2020

EXPERT ANSWERS

This month’s question

How can you effectively transfer decades worth of knowledge from an engineer who is about to retire and make it accessible and user-friendly for newer generations? This is less about standard work and process documentation, and more about product knowledge.

Our response

The organization’s documents should be updated to capture the engineer’s knowledge. It’s possible to make a searchable database, but people might not realize they have a situation that requires them to search the database.

Suppose, for example, two parts typically are assembled using two bolts and this is sufficient—unless the product will be used in a high-vibration environment, in which case three bolts must be used. The younger engineers can’t be expected to search the database every time they do something, and they may be unaware there is a situation in which the standard solution will fail. The organization already should have quality and engineering-related documents, and these should be updated with the experienced engineer’s knowledge.

The first step is to capture the knowledge. I recommend using an affinity diagram to do this. An affinity diagram is used to support brainstorming and help cluster comparable ideas.1 Give the engineer notecards to write down bits of knowledge, and someone with knowledge of affinity diagrams should act as a facilitator.

After the engineer runs out of ideas, sort the cards into categories. Next, enter the content of the notecards into a spreadsheet with the knowledge in one column and the category in another. Add additional columns labeled document, responsible, due date and status. Filter the spreadsheet by category and determine what document is the appropriate place to store the knowledge. Enter the document name in the document column and assign someone responsibility for updating the document.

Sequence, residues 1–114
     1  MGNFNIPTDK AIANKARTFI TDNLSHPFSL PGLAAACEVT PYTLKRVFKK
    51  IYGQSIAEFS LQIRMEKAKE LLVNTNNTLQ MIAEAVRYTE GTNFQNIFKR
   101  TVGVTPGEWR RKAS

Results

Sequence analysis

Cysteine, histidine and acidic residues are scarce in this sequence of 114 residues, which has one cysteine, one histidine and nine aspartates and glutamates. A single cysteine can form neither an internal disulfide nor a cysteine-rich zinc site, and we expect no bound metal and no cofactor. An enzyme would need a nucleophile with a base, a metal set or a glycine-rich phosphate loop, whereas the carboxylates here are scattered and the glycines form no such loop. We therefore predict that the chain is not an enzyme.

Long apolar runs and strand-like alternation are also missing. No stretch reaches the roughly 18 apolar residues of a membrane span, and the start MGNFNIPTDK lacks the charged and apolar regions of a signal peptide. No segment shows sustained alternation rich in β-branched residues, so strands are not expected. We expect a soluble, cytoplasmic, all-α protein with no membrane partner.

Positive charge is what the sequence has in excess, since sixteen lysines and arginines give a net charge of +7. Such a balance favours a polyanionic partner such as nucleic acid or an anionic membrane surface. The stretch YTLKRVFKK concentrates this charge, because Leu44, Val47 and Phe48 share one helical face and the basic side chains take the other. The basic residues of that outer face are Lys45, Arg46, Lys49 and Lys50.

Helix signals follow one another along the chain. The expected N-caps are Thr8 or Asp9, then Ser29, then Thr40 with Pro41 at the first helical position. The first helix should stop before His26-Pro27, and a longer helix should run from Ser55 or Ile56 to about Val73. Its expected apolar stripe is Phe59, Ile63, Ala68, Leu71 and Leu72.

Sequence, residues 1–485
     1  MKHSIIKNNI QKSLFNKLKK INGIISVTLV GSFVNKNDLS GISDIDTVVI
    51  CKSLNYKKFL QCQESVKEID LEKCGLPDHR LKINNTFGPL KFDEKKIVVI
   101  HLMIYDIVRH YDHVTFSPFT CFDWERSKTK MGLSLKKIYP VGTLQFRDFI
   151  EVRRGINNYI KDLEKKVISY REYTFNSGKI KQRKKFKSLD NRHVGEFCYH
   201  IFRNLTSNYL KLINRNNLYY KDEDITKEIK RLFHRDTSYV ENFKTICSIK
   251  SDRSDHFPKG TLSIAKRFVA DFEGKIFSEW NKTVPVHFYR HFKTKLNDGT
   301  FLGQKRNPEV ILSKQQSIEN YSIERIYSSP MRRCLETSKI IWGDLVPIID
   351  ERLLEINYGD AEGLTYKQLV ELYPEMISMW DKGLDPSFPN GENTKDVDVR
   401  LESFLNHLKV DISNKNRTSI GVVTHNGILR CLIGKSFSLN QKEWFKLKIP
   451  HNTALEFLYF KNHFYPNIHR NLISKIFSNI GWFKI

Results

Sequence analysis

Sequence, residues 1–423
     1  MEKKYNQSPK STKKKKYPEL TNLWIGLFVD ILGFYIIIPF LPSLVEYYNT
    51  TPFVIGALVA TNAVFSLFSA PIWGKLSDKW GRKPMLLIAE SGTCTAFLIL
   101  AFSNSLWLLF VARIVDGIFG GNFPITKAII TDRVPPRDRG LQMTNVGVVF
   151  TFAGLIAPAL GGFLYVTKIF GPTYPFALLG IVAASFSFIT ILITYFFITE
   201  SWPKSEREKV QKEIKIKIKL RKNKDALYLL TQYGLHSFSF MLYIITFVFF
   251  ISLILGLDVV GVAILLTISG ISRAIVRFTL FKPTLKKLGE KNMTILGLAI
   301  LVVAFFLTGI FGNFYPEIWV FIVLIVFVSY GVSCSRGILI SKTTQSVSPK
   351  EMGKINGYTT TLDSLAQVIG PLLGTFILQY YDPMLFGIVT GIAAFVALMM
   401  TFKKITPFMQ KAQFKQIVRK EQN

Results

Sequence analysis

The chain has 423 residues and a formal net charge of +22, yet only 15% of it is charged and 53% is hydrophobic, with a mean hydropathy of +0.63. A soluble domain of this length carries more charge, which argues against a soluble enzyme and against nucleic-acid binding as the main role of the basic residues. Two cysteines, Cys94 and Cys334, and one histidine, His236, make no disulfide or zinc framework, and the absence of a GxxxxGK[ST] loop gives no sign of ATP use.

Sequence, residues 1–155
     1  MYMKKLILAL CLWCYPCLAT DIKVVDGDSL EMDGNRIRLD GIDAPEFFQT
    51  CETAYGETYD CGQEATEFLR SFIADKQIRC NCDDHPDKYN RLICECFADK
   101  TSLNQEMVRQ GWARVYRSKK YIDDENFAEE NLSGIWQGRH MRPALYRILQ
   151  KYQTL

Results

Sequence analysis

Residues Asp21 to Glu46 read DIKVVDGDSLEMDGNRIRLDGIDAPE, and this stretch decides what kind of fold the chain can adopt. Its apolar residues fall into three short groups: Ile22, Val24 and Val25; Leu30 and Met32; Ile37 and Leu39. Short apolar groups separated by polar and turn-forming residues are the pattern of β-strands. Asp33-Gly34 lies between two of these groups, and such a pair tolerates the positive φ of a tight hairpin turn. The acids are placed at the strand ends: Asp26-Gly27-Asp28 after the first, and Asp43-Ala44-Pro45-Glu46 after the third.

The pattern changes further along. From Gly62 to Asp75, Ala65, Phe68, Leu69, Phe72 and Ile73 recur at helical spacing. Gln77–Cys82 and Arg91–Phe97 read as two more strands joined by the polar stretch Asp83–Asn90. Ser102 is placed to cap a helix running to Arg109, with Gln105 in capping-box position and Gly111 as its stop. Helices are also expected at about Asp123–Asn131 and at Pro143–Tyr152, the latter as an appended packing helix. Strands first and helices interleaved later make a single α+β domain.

A due date by which the document is updated also should be assigned—ideally well before the engineer leaves the organization in case there are any questions when the documents are updated. The status of each action also should be tracked to ensure it is completed. At this point, the organization will have a spreadsheet with the engineer’s knowledge and an action plan for ensuring the knowledge is appropriately stored.

Knowledge related to a process should go into a work instruction, procedure or processes instruction. The name of the document doesn’t matter—getting the knowledge into the appropriate document is what counts. Engineering-related knowledge should go into design rules or design guidelines. A design failure mode and effects analysis (DFMEA) template may be appropriate if the knowledge pertains to the prevention or detection of design-related failures. A DFMEA of the earlier example should require the engineer to identify the customer’s operating conditions. In the earlier example, if the operating conditions are unknown or involve high vibration, use of a third mounting bolt should be specified.

Updating a design validation plan and report also may be appropriate to ensure knowledge pertaining to testing isn’t lost.

If the organization doesn’t have the types of documents described earlier, or something equivalent to them, it may be time to start creating them.


Reference

  1. Grace Duffy, Scott A. Laman, Pradip Mehta, Govind Ramu, Natalia Scriabina and Keith Wagoner, “Beyond the Basics,” Quality Progress, April 2012, pp. 18-29.

This response was written by Matthew Barsalou, extramural researcher, Poznan University of Technology.


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